House of Commons Hansard #37 of the 40th Parliament, 2nd Session. (The original version is on Parliament's site.) The word of the day was cbc.

Topics

Opposition Motion--CBC Radio-Canada
Business of Supply
Government Orders

4 p.m.

Conservative

Paul Calandra Oak Ridges—Markham, ON

Mr. Speaker, I find the comments of the hon. member to be quite remarkable. It was this government that increased funding to the CBC to the highest level. Guess what? It was that member who voted not once, not twice but three times in favour of our economic action plan, which increased funding to the CBC to the highest level in Canadian history.

The member talks about one red cent. Let us talk about the red book of 1993 where the Liberals said that they would provide stable funding. What did they do? They cut $440 million. Why did they cut $440 million? They wanted to redirect that money to their friends so they could do something called the sponsorship program. It had nothing to do with CBC then, did it?

Opposition Motion--CBC Radio-Canada
Business of Supply
Government Orders

4 p.m.

NDP

Linda Duncan Edmonton—Strathcona, AB

Mr. Speaker, I find it highly ironic and rather hard to swallow that the very government that is providing backseat driving to multinational corporations on the testing of pollution control technology when the Government of Canada has endorsed the polluter pays principle is now criticizing the party that put forward the motion that we should be allowing the CBC to compete fairly. We need a little more consistency in the proposals put forward by that party. If we are not going to be backseat drivers on one, why are we backseat drivers on others who, frankly, do not need taxpayer subsidization?

First we had the cuts to local radio and television and now it has come to my attention that the Conservative government will deliver a second blow to Canadian content that Canadians enjoy. It has been brought to my attention that the Minister of Canadian Heritage has killed the Canadian television fund and rolled it into the Canadian media fund, thereby giving preferential treatment to large media companies and cable companies over small Canadian film producers. He is giving preference to the selfsame companies who spend more--

Opposition Motion--CBC Radio-Canada
Business of Supply
Government Orders

4:05 p.m.

Conservative

The Deputy Speaker Andrew Scheer

Order, please. I will need to cut off the hon. member there to allow enough time for a response.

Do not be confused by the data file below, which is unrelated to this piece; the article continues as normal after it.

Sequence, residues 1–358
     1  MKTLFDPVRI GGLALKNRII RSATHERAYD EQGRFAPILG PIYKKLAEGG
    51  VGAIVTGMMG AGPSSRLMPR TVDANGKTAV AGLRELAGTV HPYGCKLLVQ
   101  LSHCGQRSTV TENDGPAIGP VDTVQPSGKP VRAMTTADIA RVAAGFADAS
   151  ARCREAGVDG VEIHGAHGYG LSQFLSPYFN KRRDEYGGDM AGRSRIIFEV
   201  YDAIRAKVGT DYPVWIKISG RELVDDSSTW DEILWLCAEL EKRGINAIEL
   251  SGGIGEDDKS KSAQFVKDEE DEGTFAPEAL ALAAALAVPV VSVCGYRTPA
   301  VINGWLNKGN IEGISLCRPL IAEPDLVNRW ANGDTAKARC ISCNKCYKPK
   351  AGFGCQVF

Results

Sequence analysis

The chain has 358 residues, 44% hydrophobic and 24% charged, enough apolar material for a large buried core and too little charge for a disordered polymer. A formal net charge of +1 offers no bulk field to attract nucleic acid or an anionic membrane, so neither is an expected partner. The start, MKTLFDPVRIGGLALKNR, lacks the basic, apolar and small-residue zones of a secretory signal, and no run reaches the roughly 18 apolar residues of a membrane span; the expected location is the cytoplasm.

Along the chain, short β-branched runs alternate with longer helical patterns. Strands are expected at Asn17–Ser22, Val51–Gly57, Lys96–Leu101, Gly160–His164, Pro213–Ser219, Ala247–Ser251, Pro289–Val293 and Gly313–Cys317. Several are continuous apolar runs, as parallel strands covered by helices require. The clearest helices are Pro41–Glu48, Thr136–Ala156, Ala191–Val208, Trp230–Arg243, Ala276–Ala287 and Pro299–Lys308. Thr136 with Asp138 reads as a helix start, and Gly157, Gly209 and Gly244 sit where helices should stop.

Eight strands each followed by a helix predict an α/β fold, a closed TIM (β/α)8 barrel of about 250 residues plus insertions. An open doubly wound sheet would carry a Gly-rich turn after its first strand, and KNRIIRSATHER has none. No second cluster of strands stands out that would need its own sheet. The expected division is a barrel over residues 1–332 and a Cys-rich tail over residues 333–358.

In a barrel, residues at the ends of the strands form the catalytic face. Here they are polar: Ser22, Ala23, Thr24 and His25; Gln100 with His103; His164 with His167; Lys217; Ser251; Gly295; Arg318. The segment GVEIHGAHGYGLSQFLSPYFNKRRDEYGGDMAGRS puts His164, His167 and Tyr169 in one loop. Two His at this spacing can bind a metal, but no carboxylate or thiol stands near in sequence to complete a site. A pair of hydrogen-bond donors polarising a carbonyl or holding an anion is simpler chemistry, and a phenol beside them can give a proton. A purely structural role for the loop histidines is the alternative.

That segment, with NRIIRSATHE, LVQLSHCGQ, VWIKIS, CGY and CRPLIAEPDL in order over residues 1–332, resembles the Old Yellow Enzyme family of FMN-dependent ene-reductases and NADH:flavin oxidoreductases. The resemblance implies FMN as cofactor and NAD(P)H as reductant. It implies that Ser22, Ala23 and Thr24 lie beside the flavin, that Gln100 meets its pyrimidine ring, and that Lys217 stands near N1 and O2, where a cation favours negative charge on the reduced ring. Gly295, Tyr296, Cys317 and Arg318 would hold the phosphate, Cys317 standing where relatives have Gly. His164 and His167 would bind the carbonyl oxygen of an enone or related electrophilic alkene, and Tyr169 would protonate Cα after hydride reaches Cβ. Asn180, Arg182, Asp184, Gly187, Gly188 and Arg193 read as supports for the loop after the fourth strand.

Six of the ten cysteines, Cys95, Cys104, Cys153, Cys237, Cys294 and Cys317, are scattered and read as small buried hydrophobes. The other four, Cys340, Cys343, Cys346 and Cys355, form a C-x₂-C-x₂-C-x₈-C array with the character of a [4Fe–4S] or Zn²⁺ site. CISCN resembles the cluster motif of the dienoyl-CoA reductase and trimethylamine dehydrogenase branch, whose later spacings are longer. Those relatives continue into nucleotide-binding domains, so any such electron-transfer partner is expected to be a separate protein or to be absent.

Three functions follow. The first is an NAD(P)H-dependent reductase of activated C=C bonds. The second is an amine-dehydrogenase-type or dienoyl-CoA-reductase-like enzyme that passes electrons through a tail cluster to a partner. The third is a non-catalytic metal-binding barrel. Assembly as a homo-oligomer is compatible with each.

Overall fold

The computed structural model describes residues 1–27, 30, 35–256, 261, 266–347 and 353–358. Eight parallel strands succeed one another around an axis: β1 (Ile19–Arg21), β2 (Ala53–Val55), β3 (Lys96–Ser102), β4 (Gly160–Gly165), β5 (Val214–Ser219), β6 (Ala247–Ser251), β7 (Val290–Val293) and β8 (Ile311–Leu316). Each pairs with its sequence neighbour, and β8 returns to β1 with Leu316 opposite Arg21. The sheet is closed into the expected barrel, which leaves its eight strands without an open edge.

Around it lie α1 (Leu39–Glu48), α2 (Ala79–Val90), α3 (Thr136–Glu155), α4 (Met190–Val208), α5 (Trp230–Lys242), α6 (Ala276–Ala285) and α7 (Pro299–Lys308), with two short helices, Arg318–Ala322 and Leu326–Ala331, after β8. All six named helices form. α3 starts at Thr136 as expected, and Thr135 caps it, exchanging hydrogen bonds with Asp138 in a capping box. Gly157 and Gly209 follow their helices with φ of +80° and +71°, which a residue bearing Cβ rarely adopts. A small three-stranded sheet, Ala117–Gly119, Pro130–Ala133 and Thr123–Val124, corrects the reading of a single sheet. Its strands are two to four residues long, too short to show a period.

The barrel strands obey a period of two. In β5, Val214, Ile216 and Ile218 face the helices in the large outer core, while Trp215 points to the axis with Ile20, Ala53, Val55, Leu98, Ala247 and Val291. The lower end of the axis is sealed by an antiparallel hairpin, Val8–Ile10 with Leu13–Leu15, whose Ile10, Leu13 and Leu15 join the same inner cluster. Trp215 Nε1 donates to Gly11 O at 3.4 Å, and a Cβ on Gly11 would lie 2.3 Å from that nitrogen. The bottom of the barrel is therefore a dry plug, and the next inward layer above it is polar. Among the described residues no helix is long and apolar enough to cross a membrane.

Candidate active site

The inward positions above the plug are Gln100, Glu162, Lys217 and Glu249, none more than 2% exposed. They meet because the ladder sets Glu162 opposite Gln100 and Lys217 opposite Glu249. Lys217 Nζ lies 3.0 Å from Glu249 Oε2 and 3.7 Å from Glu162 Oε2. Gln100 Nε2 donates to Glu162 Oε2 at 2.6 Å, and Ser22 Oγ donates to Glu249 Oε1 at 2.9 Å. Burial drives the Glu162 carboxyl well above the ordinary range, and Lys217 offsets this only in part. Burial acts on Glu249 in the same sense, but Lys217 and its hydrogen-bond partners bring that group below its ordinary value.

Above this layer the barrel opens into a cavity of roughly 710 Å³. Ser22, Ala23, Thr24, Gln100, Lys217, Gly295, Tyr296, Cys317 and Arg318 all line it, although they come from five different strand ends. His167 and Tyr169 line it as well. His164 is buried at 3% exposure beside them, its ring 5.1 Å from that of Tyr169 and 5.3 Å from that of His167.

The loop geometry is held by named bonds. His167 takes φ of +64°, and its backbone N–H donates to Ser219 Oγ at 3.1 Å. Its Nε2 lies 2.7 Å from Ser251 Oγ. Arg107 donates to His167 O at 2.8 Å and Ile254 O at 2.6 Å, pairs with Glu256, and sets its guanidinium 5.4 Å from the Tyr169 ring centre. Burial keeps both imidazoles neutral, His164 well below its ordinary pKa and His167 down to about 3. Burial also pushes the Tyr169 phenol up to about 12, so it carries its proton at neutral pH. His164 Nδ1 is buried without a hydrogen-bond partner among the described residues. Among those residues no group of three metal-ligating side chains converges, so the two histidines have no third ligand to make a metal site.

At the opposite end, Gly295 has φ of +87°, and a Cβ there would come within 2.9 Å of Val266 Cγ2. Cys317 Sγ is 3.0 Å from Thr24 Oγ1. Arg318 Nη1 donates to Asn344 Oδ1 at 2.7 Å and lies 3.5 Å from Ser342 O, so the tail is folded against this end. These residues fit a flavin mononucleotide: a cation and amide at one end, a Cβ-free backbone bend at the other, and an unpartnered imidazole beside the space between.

The hon. member for Oak Ridges—Markham.

Opposition Motion--CBC Radio-Canada
Business of Supply
Government Orders

4:05 p.m.

Conservative

Paul Calandra Oak Ridges—Markham, ON

Mr. Speaker, I will say this about the members of the NDP. A least there is some consistency in what they are saying, unlike our friends in the Liberal Party who complain on a daily basis in the House about certain things that they just voted in favour of.

I will remind the hon. member that we did provide $1.1 billion of funding to the CBC, a record level. A great majority of the House voted in favour of that. Our minister has been changing the way in which we provide funding to all levels of cultural institutions. However, we are providing record levels across the board, levels that have never been seen before in this country.

In my riding, the changes have been welcome. However, we need to look at two things. We need to look at responsibility to Canadians. We have a responsibility, as the government, to ensure the funds that all Canadian taxpayers send to us are treated with the respect they are being sent to us with, which why we put in $1.1 billion and why we expect all hon. members to respect the independent decisions made by the CBC. We appreciate the work being done by the CBC in these difficult times.

Opposition Motion--CBC Radio-Canada
Business of Supply
Government Orders

4:05 p.m.

Saint Boniface
Manitoba

Conservative

Shelly Glover Parliamentary Secretary for Official Languages

Mr. Speaker, first of all, I must say that, in spite of these difficult economic times, I am pleased to learn that CBC/Radio-Canada intends to maintain the priorities that are at the heart of its mandate, especially with regard to services in French.